Iraqi may hang for murders of 2 U.S. soldiers

McClatchy NewspapersOctober 28, 2008 

BAGHDAD — An alleged al Qaida in Iraq member should be hanged for his role in the 2006 kidnapping, torture and execution of two American soldiers, an Iraqi court decided Tuesday.

Ibrahim Karim al Qaraghuli was found guilty of the murders by a three-judge panel in Iraq's Central Criminal Court in Baghdad after a three-hour trial. Two others accused of participating in the killings, Whalid Khalid al Kartani and Kazim Fadhil al Zowbai, were found not guilty for lack of evidence.

It wasn't clear when the two might be released or whether they could be tried again if new evidence emerges. Officials also couldn't say how long it might be before Qaraghuli is executed. He has 30 days to appeal the verdict, said Hugh Geoghegan, a spokesman for the U.S.'s Law and Order Task Force in Iraq.

Pfc. Kristian Menchaca, 23, of Houston and Pfc. Thomas Tucker, 25, of Madras, Ore., were captured after a firefight near Baghdad on June 16, 2006. Searchers found their badly mutilated bodies three days later. A third soldier, Spc. David Babineau, 25, of Springfield, Mass., died during the gun battle.

U.S. forces arrested the three alleged al Qaida in Iraq members between July 2006 and July 2007. They eventually were charged with the soldiers' murders under Iraq's civilian anti-terrorism law.

Tuesday's verdict was unanimous. The suspects, all middle-aged Iraqis, have denied involvement in the soldiers' killings.

Physical evidence against Qaraghuli appeared to be the reason that he was convicted. Investigators have said they found his fingerprints on a truck that was used to drag Menchaca and Tucker through the streets after they were kidnapped. Iraqi villagers who witnessed the dragging gave statements connecting the other two suspects to the killings, but none of the witnesses showed up to testify Tuesday, Geoghegan said.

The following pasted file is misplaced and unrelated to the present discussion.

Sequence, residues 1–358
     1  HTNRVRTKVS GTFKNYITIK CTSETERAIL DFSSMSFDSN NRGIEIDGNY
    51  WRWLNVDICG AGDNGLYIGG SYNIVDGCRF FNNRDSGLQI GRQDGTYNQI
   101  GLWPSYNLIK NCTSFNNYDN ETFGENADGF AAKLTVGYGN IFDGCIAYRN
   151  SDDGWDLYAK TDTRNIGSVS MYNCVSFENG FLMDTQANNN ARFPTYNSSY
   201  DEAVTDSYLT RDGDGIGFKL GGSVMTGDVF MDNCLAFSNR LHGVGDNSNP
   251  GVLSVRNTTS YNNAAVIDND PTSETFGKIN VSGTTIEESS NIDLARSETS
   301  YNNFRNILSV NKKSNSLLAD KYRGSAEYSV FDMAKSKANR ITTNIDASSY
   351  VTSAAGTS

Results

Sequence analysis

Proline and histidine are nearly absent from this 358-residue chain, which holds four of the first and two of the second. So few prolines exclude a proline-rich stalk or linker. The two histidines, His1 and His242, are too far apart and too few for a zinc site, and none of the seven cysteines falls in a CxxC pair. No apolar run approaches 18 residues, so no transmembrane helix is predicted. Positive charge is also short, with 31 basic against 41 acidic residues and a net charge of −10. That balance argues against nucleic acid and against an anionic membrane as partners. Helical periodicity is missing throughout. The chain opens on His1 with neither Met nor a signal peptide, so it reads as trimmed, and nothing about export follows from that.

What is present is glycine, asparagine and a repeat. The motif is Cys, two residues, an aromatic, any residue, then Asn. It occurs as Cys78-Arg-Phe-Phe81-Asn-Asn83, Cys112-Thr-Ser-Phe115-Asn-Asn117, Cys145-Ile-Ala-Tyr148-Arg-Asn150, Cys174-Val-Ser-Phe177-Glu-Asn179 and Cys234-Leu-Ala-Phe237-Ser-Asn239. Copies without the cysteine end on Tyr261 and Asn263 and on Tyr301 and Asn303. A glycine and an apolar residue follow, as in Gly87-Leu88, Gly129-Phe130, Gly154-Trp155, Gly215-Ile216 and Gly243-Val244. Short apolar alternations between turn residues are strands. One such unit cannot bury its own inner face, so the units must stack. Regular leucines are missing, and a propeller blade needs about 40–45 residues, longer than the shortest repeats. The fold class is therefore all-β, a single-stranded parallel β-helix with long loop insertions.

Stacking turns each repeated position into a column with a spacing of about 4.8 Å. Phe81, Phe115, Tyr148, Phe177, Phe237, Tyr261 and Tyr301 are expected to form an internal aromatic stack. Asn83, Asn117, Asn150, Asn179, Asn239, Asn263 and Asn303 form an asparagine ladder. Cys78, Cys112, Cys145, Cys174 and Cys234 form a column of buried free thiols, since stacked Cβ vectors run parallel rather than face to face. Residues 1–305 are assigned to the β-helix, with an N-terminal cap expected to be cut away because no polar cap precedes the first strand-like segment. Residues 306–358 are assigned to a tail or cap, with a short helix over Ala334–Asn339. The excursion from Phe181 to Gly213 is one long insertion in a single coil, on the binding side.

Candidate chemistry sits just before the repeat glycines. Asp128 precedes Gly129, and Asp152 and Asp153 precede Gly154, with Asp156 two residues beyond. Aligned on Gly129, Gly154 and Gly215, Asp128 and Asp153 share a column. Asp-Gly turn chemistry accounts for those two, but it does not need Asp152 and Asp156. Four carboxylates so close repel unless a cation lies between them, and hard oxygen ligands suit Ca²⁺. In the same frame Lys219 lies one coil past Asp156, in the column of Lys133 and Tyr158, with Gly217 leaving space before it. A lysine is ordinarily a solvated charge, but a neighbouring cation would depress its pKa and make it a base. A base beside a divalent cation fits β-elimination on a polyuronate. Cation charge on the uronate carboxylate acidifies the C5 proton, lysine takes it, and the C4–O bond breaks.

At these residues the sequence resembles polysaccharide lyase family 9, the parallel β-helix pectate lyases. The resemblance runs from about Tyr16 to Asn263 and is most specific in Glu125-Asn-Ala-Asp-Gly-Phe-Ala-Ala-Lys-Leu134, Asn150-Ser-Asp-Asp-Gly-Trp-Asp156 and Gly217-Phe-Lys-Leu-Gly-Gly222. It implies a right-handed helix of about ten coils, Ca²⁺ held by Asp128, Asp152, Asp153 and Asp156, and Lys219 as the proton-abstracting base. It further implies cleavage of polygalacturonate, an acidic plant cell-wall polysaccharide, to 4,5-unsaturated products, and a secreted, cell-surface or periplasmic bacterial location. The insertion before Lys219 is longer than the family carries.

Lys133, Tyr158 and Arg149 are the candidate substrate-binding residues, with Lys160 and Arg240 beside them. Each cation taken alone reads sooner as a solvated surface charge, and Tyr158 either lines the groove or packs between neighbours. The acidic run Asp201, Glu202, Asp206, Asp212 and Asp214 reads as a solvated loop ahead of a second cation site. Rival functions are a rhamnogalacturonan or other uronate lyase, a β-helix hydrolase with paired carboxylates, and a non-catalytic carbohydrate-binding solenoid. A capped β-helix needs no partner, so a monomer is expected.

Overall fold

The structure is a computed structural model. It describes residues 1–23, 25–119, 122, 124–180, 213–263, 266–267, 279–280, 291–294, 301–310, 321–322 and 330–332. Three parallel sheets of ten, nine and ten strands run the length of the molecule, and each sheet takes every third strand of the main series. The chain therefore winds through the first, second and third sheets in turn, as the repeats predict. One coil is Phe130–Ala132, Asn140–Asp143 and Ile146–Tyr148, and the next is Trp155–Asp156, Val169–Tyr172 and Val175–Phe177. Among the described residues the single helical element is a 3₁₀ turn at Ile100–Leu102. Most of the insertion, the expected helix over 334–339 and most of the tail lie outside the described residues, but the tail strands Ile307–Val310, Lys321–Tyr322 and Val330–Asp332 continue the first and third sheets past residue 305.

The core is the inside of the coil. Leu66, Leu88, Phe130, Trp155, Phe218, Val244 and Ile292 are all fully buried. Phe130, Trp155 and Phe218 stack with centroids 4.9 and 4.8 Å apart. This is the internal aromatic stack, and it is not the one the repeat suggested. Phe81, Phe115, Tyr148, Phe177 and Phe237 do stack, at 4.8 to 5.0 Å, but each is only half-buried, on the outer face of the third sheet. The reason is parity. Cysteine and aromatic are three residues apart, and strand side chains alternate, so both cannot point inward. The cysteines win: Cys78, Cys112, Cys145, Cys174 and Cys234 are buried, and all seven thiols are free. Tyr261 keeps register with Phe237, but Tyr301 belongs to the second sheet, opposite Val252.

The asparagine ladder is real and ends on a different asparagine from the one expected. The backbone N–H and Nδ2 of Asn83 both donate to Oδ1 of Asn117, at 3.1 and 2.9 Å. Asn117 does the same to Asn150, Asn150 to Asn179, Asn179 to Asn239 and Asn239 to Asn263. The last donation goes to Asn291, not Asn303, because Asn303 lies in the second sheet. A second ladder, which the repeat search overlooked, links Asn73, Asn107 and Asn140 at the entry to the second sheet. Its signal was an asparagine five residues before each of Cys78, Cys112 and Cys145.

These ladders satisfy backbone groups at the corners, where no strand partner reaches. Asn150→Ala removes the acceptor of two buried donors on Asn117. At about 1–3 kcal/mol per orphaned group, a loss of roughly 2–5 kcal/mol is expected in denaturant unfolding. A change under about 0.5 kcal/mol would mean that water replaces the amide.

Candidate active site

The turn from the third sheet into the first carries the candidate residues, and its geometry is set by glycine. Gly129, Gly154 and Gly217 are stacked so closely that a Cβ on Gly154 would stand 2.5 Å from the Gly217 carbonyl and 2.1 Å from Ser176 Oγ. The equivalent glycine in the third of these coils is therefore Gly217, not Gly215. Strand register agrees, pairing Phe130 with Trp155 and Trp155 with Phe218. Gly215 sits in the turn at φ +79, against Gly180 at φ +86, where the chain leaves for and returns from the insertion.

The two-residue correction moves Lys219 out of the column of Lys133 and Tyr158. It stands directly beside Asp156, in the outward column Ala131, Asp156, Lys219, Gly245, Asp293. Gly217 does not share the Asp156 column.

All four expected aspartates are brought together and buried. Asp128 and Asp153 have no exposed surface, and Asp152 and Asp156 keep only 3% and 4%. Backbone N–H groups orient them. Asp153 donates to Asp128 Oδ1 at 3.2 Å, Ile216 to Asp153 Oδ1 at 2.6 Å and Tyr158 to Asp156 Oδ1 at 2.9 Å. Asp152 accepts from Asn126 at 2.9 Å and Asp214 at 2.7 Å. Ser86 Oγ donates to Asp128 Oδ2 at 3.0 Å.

Their statements were read aloud in court, but defense attorneys argued that the evidence was nothing more than hearsay without the witnesses present, he said.

Babineau, Tucker and Menchaca were members of the 1st Platoon, B Company, 1st Battalion, 502nd Infantry Regiment, assigned to the 101st Airborne Division, from Fort Campbell, Ky.

Three days after Tucker and Menchaca went missing, searchers found their bodies in Yusifiya, about 12 miles south of Baghdad, near where they'd been captured. They were burnt, tied together and booby-trapped with explosives. Menchaca's throat had been split. Tucker had been decapitated.

The two, along with Babineau, had driven away from their platoon to stand guard at a movable bridge in what was then one of the most dangerous areas in Iraq.

Other soldiers in their unit were guarding a checkpoint nearby when they heard an explosion followed by gunfire at about 8 p.m. By the time they reached the bridge, Babineau was dead and Menchaca and Tucker were gone.

Military investigators later concluded that the soldiers never should have been left alone and that numerous mistakes by their superiors left them vulnerable to attack. A platoon leader and a company commander were relieved of their duties as a result.

Several other suspected al Qaida in Iraq members are thought to have participated in the soldiers' murders, but investigators haven't been able to gather enough evidence to charge anyone else. One suspect was killed in firefight about a month after the murders.

U.S. officials have rejected speculation that insurgents targeted the soldiers for revenge. Soon after their deaths, however, five members of their unit were charged with the March 2006 rape and murder of a 14-year-old Iraqi girl in a village near Yusifiya. The girl's parents and sister also were murdered.

Four of the soldiers were convicted. One is still awaiting trial.

(Reilly reports for the Merced (Calif.) Sun-Star.)

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McClatchy Newspapers 2008

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